• steph

    The Godfather is based off of different Mafia families. The Godfather is about how violence begets more violence look at the toll that organized crime took on the Corleone family. Starting with Vito’s mother and brother, then with Sonny, Fredo, and more. There are consequences to the actions taken in this movie.

  • Ben S

    Bdog – The ending with Crowe and Washington smiling at each other reflects the truth. Lucas & Roberts became friends and remain so to this day. Showing them as mortal enimies would be revisionism.

  • Rob Grizzly

    Is it inevitable that every drug-crime-gangster movie will be compared to The Godfather? American Gangster is closer related cinematically to The Departed, Heat, or even Scarface.
    What is going on?

  • Theo

    What Gary Susman failed to point out is that George Will is a massive douchebag.

  • Sally

    It’s inevitable that every crime/gangster movie is going to be compared to another. The difference is that AG is one with a major star playing a drug dealer. Normally major boxo black stars don’t play drug dealers; major meaning $20 Million payroll. And — it is based on a true story. Just go to the internet and search for Frank Lucas or Nicky Barnes and you get hundreds of hits. If you search for Corleone you get fiction.
    As for the film “sucking”, that’s a matter of opinion, but I was engaged and couldn’t leave my seat the whole time. If a movie can keep me in my seat, then I’m happy.

    • jay

      Actually its based off of real mafia hits

  • Sally

    Oh, and I forgot to about AG — the parties are still alive (Frank, Nicky, and Richie) and still feuding. Just go to any documentary and each of them has a different story and boasts about they did this; they didn’t do this; Frank won’t admit to murdering anybody because “there’s no statute of limitations on murder”, but Richie swears he murdered plenty of people; and then there’s Nicky in the witness protection program dissing Frank…it’s kind of hilarious. All these “old” men arguing amongst themselves who was the baddest.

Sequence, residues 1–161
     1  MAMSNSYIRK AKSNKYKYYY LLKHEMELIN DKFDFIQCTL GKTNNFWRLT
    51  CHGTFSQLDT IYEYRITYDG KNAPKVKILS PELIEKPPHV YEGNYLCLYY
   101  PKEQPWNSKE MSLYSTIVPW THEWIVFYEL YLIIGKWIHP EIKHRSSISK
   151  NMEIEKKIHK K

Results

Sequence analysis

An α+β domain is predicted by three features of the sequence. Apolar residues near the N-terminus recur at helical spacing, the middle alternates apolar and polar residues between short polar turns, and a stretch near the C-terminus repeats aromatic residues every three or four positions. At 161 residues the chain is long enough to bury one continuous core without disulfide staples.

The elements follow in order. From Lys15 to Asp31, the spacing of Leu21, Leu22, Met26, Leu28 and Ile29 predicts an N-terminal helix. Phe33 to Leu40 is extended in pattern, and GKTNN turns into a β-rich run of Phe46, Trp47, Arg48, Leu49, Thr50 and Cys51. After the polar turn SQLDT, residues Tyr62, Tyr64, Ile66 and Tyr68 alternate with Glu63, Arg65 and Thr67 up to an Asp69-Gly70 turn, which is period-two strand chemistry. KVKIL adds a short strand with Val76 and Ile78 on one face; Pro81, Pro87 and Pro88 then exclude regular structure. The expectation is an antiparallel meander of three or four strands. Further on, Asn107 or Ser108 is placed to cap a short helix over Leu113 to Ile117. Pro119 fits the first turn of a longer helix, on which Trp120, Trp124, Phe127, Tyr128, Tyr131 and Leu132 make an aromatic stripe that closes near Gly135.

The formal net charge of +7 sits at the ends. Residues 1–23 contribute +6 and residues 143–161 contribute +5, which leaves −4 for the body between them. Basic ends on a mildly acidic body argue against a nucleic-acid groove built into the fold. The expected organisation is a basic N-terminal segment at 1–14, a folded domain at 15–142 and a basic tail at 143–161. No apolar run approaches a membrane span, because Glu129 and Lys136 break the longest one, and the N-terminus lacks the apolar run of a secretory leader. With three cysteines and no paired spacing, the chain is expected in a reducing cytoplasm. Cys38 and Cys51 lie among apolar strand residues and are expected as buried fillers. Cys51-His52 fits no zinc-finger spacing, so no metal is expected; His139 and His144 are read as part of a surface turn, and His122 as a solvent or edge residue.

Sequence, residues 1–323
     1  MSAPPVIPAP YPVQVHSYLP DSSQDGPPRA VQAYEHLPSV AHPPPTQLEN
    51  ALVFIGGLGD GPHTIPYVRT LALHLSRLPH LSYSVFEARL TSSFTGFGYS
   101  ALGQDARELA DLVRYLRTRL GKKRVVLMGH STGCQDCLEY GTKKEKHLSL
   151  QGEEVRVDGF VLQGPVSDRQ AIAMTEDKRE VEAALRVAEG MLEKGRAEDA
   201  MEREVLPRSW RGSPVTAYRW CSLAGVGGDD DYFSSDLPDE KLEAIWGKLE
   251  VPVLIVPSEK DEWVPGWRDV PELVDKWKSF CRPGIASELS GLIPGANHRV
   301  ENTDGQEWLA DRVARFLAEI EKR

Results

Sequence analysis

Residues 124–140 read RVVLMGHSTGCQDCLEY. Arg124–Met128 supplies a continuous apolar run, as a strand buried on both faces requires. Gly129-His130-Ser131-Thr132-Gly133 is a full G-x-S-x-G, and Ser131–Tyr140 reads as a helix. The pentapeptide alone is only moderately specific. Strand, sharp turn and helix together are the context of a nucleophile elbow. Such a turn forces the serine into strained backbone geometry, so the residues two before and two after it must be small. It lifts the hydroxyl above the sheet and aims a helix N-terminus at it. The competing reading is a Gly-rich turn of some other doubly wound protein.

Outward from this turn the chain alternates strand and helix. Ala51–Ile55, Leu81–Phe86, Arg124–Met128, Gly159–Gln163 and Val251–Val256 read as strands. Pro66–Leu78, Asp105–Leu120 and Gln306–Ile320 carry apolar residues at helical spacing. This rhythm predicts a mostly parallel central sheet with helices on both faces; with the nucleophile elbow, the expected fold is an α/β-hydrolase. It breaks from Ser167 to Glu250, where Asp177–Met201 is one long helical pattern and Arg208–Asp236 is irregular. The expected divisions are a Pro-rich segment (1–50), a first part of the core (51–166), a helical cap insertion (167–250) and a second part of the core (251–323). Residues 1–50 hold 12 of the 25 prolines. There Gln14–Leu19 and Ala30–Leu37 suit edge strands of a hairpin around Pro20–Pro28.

• RP

    George Will doesn’t write that well either: “Its emulations of “The Godfather” are obviously intended to be obvious.” I’m not the only one who found that sentence to be physically painful, am I?
    If people like George Will are honestly confused as to why people are “cynical” (in this instance means “not fooled”) when it comes to corporations then they ought to check out Consumer Reports or Consumerist. However, I suspect that George isn’t actually that naive. I think he’s just pissed that consumers as a whole know that corporations will do whatever they want to make money, even if it’s unethical, illegal, or immoral.

  • Katy

    Isn’t the whole point of the Godfather trilogy that while Michael does everything to make a better life for him and his family, he winds up losing everything and everyone?

Page: 1 2
Add your comment
The rules: Keep it clean, and stay on the subject - or we may delete your comment. If you see inappropriate language, e-mail us. An asterisk (*) indicates a required field.

When you click on the "Post Comment" button above to submit your comments, you are indicating your acceptance of and are agreeing to the Terms of Service. You can also read our Privacy Policy.

Latest Videos


From Our Partners

TV Recaps

Powered by VIP